City attorneys have fired back against a class-action lawsuit seeking a federal court consent decree over Chicago Police Department reform, claiming federal oversight is unnecessary because the city has made its own “substantial and ongoing reforms.”
The 32-page motion to dismiss filed on Monday would seem to indicate that Mayor Rahm Emanuel has no intentions of bowing to pressure to accept federal court oversight.
“[P]laintiffs’ injunctive relief claims are moot because the policies and practices that they seek to enjoin are no longer in place in light of CPD’s extensive, ongoing reform efforts,” the motion says.
Black Lives Matter Chicago and six additional community groups filed suit in June along with six individuals, on behalf of people who “have been, or in the future will be, subjected to use of force by the CPD.” The NAACP has also joined as a plaintiff in the suit.
They claim Chicago Police have engaged in a practice of excessive force against people of color, an argument supported by a Justice Department probe that found widespread constitutional violations in the department.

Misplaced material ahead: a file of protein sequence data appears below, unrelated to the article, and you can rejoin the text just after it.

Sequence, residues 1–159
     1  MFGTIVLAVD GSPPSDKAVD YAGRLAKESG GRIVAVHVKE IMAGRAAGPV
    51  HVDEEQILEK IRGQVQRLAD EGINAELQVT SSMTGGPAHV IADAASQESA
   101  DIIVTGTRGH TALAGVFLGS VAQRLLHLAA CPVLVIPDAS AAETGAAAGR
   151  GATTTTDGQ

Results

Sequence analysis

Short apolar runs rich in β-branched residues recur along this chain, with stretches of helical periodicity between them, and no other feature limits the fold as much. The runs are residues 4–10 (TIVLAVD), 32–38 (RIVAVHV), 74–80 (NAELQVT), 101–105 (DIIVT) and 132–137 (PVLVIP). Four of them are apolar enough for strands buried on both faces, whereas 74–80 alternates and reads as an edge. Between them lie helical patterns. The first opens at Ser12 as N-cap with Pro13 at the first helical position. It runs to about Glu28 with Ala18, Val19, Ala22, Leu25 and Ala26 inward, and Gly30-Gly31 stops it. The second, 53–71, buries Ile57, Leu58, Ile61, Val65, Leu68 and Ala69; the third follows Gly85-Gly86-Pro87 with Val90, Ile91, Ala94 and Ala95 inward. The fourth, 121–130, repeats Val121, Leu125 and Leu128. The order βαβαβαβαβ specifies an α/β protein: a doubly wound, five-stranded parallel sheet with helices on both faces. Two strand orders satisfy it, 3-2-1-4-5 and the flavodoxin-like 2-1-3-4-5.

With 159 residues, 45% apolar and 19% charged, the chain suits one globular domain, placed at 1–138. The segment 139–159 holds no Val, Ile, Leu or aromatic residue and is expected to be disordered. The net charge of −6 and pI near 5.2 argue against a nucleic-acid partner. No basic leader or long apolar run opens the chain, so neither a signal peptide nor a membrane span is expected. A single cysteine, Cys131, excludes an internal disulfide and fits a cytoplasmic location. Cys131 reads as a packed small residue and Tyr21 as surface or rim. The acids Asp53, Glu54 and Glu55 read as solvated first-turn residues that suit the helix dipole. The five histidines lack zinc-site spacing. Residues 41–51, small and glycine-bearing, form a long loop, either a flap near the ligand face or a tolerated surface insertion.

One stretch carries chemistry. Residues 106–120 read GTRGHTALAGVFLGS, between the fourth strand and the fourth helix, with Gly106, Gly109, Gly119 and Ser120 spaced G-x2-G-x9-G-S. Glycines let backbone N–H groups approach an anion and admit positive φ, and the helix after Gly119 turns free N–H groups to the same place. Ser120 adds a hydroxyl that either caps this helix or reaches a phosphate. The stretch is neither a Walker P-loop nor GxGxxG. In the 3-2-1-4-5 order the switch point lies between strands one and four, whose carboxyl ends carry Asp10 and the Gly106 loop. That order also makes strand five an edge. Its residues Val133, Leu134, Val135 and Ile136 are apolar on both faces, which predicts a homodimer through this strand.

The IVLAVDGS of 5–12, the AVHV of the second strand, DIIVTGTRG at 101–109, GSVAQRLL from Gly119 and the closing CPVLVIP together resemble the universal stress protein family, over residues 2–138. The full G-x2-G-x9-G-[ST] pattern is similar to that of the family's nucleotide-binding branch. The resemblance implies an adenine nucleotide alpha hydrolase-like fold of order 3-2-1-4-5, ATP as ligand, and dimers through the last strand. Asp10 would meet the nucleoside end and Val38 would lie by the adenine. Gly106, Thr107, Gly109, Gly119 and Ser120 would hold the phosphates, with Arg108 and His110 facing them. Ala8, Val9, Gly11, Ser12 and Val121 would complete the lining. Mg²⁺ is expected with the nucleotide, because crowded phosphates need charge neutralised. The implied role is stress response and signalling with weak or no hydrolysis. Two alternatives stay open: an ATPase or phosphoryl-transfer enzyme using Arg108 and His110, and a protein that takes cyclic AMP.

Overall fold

They accused Emanuel of reneging on his January commitment to negotiate a consent decree and, instead, of attempting to cut a “backroom deal” with U.S. Attorney General Jeff Sessions, who opposes court oversight over local police departments. Fifteen Chicago Police officers were also named as defendants.
“The city of Chicago has proven time and time again that it is incapable of ending its own regime of terror, brutality and discriminatory policing,” their suit says.
In Monday’s motion, city attorneys asked U.S. District Judge John Z. Lee to toss the suit because the plaintiffs hadn’t shown “that they will be subjected to excessive force at the hands of a CPD officer in the future,” citing an overhauled set of use-of-force policies and training methods.
Emanuel and CPD Supt. Eddie Johnson have insisted that that city wants to take a different path toward the same reforms.
“CPD’s revisions to its use of force policies include an increased emphasis on the sanctity of life, ethical behavior, objective and proportional uses of force, and de-escalation and force mitigation, as well as the imposition of appropriate limitations on the use of less-than-lethal and lethal force,” the motion says.
The complaint details the police department’s troubled history, reaching all the way back to the “shoot to kill” orders during the 1968 Democratic National Convention and CPD’s 1969 execution of Black Panther leader Fred Hampton.
City attorneys decried it as “rehashing” past events that are “not relevant to the use of force policies and practices currently in effect at CPD.”
Illinois Attorney General Lisa Madigan has led a chorus of groups calling on Emanuel to accept federal court oversight.
The case is next scheduled for a hearing on Sept. 1.